In-Work Poverty: Role of Capitalist Institutions in Central Europe

Friday, 3 July 2015: 2:15 PM-3:45 PM
CLM.7.03 (Clement House)
Pavol Babos, Comenius University, Bratislava, Slovakia; Institute for Forecasting, Slovak Academy of Sciences, Bratislava, Slovakia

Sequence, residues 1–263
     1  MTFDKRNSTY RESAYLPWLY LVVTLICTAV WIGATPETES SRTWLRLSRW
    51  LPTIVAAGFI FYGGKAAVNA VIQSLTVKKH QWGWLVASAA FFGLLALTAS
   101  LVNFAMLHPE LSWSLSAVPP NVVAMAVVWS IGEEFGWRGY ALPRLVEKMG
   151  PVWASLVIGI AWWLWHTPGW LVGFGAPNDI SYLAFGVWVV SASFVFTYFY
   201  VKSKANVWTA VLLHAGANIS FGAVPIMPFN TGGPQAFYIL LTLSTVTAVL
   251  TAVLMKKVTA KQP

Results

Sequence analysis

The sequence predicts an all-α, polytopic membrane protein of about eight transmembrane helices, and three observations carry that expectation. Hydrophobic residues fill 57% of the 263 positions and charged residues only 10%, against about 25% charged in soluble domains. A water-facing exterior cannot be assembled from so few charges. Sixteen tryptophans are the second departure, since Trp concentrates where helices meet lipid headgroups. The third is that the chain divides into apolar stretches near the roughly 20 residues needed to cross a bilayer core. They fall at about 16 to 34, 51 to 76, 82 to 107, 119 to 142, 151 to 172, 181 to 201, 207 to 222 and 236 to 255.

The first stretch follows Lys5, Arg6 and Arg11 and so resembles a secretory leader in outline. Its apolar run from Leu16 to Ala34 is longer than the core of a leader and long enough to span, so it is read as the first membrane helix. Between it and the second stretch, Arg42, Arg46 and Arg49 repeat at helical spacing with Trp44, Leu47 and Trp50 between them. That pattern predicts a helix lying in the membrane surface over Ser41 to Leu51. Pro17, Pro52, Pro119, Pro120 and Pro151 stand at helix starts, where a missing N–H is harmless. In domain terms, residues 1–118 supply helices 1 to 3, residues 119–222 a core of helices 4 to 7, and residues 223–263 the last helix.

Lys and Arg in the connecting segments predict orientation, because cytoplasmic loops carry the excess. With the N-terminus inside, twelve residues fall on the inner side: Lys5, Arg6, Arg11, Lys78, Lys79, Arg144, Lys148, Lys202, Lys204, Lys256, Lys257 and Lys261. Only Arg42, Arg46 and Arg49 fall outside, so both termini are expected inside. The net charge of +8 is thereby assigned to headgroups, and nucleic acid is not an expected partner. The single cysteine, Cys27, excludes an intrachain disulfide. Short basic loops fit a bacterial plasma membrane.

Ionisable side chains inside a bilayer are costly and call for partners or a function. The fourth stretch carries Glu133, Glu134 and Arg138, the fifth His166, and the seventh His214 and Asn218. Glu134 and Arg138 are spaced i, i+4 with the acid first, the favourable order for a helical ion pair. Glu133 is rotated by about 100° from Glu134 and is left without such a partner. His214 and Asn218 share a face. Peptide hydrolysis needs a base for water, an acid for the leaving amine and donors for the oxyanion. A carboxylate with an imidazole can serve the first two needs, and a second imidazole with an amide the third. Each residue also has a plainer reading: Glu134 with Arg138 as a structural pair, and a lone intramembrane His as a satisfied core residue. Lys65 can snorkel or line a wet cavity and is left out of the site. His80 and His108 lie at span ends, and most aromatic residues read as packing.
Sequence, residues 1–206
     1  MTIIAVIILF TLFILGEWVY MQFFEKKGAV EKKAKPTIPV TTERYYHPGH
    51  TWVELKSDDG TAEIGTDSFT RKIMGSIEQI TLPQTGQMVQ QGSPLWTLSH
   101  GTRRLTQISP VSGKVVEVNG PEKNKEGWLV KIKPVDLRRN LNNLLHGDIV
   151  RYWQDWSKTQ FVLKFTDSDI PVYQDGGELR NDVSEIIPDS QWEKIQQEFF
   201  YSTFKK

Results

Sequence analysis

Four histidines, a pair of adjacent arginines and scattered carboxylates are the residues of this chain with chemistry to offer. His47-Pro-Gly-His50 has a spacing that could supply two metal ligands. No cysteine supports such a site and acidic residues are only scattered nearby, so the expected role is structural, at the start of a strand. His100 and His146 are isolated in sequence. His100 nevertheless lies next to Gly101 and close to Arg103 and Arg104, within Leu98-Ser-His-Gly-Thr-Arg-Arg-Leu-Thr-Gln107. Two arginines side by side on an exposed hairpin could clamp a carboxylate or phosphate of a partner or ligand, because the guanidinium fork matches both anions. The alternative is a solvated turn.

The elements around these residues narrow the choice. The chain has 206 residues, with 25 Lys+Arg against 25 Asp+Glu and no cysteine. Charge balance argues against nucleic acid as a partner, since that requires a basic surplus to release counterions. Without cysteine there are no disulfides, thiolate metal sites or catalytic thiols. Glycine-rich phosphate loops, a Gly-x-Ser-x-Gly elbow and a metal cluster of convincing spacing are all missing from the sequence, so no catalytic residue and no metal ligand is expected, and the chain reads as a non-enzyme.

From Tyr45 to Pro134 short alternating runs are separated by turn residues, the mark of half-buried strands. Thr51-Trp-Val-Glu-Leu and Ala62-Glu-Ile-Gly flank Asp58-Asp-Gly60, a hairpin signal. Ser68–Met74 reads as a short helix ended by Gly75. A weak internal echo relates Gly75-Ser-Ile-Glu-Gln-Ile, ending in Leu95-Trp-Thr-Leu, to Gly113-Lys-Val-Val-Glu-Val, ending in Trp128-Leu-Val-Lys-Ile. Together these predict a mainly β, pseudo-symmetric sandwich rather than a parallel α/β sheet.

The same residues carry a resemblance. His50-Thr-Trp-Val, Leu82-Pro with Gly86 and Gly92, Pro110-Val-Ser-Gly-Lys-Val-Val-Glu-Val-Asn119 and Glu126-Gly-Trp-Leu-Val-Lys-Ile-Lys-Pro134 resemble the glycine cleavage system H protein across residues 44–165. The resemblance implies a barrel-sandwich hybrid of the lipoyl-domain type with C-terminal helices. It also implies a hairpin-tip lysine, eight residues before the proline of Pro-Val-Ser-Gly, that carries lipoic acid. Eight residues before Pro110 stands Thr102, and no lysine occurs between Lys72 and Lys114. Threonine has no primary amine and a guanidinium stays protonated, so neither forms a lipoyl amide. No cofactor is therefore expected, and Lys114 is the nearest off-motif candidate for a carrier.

In-work poverty has become a profound problem in Europe. With the increasing share of people in atypical jobs the risk of falling into in-work poverty is increasing. This paper investigates the state of in-work poverty in Central Eastern Europe before and after the global economic crisis. The study applies the multilevel modelling approach to estimate the effects of individual characteristics on in-work poverty, mainly the job-related characteristics, from the policies and other national-level factors. This research answers which labour market institutions and social policy measures increase the probability of working people to escape the risk of poverty. Subsequently the analysis looks at two years, 2006 and 2012, and compares the selected influences. EU-SILC dataset and logistic regression is used to perform the analysis. Preliminary findings show that the more regulated labour market institutions less is the probability of escaping the in-work poverty risk. On the other hand, higher interference in the field of social policy leads to better chances of people escaping the in-work poverty risk. Finally the findings show that the regime typology of ‘Varieties of Capitalism’ is not very helpful in understanding the country differences.